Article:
SCUM Manifesto  

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"To call a man an animal is to flatter him; he's a machine, a walking dildo." --"SCUM Manifesto"

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Train wreck at Montparnasse (October 22, 1895) by Studio Lévy and Sons.
Train wreck at Montparnasse (October 22, 1895) by Studio Lévy and Sons.

SCUM Manifesto is a misandrous tract written in 1968 by Valerie Solanas which advocated a violent anarchic revolution to create an all-female society. SCUM Manifesto is a radical feminist manifesto by Valerie Solanas, published in 1967. It argues that men have ruined the world, and that it is up to women to fix it. To achieve this goal, it suggests the formation of SCUM, an organization dedicated to overthrowing society and eliminating the male sex. The Manifesto is widely regarded as satirical, but based on legitimate philosophical and social concerns. It has been reprinted at least 10 times in English, translated into 13 languages, and excerpted several times.

The term "SCUM" appeared on the cover of the first edition from Olympia Press as "S.C.U.M." and was said to stand for "Society for Cutting Up Men". Solanas objected, insisting that it was not an acronym, although the expanded term appeared in a Village Voice ad she had written in 1967. Solanas held a series of recruitment meetings for SCUM at the Chelsea Hotel where she lived, but a decade later insisted that the organization was "just a literary device" and never really existed.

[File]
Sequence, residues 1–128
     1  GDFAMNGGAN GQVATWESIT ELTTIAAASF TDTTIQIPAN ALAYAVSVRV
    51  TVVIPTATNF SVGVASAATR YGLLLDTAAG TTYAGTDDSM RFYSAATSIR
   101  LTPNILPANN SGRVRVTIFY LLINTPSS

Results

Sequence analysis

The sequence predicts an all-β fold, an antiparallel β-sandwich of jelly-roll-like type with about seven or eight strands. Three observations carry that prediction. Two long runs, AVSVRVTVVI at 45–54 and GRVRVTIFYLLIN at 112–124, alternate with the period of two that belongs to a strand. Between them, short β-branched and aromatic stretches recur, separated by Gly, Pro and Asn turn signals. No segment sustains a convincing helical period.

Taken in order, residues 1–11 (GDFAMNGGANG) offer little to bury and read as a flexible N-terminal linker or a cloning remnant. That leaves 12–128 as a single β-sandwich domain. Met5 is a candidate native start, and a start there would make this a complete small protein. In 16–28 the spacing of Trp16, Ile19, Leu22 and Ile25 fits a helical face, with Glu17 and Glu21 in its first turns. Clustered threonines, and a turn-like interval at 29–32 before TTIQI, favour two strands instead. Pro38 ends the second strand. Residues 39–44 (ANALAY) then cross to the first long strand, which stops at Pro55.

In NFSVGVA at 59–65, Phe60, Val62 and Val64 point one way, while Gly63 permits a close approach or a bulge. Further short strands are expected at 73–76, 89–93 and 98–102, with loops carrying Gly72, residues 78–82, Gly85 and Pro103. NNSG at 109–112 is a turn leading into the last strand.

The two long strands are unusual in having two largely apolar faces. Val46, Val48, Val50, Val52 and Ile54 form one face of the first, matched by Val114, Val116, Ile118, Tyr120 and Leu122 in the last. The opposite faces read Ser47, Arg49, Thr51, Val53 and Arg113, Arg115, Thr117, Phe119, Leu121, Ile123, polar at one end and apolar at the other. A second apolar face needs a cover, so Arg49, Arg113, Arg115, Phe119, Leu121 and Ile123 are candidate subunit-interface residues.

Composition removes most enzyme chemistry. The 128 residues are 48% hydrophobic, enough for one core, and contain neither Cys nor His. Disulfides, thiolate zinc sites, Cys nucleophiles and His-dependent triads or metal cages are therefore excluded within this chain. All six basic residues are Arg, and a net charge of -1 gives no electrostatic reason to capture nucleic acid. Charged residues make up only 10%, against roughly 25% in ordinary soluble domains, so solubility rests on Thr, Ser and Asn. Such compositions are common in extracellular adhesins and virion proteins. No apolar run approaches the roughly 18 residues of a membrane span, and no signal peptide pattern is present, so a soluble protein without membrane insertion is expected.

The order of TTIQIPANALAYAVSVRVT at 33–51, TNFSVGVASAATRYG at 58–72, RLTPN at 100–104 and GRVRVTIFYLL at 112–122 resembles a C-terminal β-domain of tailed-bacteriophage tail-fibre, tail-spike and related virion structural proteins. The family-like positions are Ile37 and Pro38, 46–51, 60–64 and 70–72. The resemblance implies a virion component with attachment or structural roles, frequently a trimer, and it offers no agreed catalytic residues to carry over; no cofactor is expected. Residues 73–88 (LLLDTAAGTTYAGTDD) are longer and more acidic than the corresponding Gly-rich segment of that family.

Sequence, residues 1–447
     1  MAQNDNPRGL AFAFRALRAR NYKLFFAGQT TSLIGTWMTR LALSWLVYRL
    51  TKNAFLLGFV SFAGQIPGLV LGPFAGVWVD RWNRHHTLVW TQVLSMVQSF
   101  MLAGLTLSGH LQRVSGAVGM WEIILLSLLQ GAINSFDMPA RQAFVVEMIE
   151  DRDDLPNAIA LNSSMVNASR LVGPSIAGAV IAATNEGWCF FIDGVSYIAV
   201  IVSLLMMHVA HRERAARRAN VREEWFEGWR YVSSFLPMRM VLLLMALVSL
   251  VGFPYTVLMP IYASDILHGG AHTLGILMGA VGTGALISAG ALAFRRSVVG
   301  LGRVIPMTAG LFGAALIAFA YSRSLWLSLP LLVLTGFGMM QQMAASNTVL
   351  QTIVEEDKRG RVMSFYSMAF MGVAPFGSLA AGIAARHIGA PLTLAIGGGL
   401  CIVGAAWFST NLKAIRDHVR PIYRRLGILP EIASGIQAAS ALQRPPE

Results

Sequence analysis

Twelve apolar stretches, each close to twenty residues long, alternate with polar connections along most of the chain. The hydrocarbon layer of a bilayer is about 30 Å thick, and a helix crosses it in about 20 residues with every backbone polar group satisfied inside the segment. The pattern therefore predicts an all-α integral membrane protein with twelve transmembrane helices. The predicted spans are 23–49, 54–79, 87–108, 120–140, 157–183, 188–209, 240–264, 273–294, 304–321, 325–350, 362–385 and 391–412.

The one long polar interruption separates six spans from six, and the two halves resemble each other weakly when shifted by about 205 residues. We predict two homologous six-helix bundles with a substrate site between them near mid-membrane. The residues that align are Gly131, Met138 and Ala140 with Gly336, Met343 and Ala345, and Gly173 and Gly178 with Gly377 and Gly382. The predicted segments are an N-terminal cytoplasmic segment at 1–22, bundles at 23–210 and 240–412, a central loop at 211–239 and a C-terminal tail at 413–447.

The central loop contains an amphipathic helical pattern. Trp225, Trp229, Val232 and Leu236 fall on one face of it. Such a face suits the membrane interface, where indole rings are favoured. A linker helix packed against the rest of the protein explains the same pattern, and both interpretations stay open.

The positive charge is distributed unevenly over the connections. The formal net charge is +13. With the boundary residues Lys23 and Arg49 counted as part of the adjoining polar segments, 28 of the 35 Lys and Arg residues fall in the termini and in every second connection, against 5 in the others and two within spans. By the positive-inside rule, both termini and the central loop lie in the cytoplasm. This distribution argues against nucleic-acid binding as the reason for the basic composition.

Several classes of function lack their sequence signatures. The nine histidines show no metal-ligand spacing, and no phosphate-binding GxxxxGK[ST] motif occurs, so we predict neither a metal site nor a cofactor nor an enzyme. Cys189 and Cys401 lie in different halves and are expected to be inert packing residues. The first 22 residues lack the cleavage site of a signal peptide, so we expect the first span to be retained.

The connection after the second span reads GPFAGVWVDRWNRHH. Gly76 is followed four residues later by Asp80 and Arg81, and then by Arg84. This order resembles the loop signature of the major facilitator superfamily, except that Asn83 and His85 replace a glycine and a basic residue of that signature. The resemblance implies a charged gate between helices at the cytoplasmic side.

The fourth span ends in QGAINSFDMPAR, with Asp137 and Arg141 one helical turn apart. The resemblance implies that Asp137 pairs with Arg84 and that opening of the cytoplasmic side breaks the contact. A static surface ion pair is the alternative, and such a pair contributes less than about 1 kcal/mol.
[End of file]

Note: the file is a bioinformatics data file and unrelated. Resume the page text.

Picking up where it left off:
The Manifesto was little-known until Solanas attempted to kill Andy Warhol in 1968. This event brought significant public attention to the Manifesto and Solanas herself. While some feminists, such as Florynce Kennedy and Ti-Grace Atkinson, defended Solanas and considered the Manifesto a valid criticism of the patriarchal order, others, such as Betty Friedan, considered Solanas's views to be too radical and polarizing. Although Solanas's motives for shooting Warhol remain unclear, the Manifesto is still frequently associated with this event.

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Unless indicated otherwise, the text in this article is either based on Wikipedia article "SCUM Manifesto" or another language Wikipedia page thereof used under the terms of the GNU Free Documentation License; or on original research by Jahsonic and friends. See Art and Popular Culture's copyright notice.

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